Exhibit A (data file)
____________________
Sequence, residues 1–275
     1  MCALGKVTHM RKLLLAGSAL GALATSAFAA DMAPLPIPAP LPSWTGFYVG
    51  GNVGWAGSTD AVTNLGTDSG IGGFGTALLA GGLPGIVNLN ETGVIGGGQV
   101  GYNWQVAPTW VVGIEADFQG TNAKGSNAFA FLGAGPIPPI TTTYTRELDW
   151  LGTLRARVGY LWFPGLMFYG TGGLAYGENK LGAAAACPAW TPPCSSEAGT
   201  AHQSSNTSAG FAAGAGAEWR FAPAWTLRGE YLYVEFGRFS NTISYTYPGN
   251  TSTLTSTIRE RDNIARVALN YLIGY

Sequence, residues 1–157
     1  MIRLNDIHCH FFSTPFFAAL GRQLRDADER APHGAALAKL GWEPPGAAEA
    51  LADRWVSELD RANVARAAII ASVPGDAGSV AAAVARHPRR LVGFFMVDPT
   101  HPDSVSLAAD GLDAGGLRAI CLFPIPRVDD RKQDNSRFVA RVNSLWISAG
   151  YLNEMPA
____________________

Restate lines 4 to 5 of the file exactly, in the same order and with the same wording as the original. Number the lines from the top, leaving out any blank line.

   101  GYNWQVAPTW VVGIEADFQG TNAKGSNAFA FLGAGPIPPI TTTYTRELDW
   151  LGTLRARVGY LWFPGLMFYG TGGLAYGENK LGAAAACPAW TPPCSSEAGT